How the lion's share is owned by the Danish one percent
A tiny fraction of the population owns over one third of the countrys assets
Around 1 percent of the population, some 46,000 Danes, own property and securities worth over 512 billion kroner – 32 percent of the nation’s 1.6 trillion kroner’s worth of assets.
According to research quoted in Politiken newspaper from the centre-left think-tank Cevea, the 1 percent also controls 40 percent of the stocks and bonds traded in the country.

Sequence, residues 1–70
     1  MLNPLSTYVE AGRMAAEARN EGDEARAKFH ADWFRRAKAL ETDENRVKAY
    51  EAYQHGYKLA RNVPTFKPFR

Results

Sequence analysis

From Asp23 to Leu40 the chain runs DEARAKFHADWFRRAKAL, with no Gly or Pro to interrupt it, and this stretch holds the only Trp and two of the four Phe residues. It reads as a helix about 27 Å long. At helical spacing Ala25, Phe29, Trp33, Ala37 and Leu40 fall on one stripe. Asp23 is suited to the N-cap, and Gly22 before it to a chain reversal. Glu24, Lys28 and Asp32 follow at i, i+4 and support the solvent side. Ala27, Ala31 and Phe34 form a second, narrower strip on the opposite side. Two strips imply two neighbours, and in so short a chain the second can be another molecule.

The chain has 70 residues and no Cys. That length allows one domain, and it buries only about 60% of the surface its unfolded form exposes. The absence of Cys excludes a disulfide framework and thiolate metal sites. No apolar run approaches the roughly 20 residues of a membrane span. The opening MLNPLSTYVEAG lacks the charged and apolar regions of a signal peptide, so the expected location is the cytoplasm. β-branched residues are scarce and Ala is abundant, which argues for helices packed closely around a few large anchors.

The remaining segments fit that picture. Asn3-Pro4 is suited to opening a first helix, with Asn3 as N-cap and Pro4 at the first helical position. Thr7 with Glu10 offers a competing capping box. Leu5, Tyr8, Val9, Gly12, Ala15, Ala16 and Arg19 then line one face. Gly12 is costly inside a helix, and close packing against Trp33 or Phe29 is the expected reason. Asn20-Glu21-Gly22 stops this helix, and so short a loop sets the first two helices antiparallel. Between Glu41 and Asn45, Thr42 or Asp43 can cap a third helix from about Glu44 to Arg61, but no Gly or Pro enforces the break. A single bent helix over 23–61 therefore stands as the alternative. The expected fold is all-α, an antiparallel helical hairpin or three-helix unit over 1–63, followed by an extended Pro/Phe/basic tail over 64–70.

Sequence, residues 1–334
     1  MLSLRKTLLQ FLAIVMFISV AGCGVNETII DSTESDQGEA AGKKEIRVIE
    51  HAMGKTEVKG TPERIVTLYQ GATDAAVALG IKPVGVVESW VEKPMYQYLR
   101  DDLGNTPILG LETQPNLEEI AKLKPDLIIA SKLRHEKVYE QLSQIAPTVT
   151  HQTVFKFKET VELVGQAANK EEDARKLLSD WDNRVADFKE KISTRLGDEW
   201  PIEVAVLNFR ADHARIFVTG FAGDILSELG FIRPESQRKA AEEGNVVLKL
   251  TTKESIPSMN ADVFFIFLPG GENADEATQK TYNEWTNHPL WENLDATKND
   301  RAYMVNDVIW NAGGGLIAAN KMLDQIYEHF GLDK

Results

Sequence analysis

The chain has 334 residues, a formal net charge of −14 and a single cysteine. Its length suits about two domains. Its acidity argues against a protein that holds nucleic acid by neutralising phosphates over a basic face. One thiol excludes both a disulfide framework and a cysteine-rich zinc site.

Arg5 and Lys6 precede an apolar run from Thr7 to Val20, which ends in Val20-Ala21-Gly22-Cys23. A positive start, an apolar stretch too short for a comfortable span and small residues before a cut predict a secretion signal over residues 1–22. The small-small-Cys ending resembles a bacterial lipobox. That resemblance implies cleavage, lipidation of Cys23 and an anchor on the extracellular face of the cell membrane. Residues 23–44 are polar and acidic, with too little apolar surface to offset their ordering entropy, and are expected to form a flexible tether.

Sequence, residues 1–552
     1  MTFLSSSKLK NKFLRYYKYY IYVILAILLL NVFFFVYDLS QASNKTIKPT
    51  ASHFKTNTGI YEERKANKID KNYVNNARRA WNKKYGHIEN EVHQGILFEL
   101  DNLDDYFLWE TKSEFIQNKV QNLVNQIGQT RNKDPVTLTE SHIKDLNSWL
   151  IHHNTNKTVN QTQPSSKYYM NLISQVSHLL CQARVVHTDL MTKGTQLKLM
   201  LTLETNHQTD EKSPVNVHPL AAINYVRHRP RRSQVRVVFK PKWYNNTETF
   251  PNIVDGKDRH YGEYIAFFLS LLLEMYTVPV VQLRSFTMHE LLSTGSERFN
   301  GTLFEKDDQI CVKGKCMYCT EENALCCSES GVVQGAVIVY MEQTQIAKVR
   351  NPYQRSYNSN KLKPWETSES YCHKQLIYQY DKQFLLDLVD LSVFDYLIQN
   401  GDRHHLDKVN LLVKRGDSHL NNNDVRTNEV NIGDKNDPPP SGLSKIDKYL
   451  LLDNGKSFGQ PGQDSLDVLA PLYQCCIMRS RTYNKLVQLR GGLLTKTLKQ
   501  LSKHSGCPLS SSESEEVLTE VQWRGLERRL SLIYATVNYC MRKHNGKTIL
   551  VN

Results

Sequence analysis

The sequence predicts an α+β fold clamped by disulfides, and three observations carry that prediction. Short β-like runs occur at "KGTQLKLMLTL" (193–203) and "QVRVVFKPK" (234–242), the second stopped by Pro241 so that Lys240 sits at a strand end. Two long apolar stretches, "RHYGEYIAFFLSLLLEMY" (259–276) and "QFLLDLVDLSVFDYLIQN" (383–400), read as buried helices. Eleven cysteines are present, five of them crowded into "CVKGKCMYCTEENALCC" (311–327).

“There is a massive concentration of wealth in the richest one percent,” Jens Jonatan Steen, the head of research at Cevea, told Politiken.
“To a large degree, they have inherited their wealth or invested well.”
Tax the rich
Steen believes this unequal distribution of wealth calls for higher taxes on inheritance and investments.
Mads Lundby Hansen, the chief economist at the liberal think-tank Cepos, disagreed with that assessment.
"You have to remember that the highest 1 percent of earners already pay taxes that correspond to those of 100,000 public employees," Hansen told Politiken.